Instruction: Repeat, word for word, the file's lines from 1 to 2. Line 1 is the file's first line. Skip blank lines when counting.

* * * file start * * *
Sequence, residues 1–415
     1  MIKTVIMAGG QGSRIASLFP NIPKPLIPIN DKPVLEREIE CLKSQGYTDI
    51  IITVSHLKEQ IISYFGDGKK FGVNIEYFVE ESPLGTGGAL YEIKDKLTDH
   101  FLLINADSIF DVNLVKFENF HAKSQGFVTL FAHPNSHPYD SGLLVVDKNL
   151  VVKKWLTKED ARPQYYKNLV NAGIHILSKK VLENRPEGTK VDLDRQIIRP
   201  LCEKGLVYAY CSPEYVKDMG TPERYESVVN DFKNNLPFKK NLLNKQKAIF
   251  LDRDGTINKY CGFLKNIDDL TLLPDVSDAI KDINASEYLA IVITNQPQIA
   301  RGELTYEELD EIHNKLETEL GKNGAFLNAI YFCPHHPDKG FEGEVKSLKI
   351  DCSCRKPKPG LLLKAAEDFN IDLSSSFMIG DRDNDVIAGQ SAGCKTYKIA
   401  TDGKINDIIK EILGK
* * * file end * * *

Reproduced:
Sequence, residues 1–415
     1  MIKTVIMAGG QGSRIASLFP NIPKPLIPIN DKPVLEREIE CLKSQGYTDI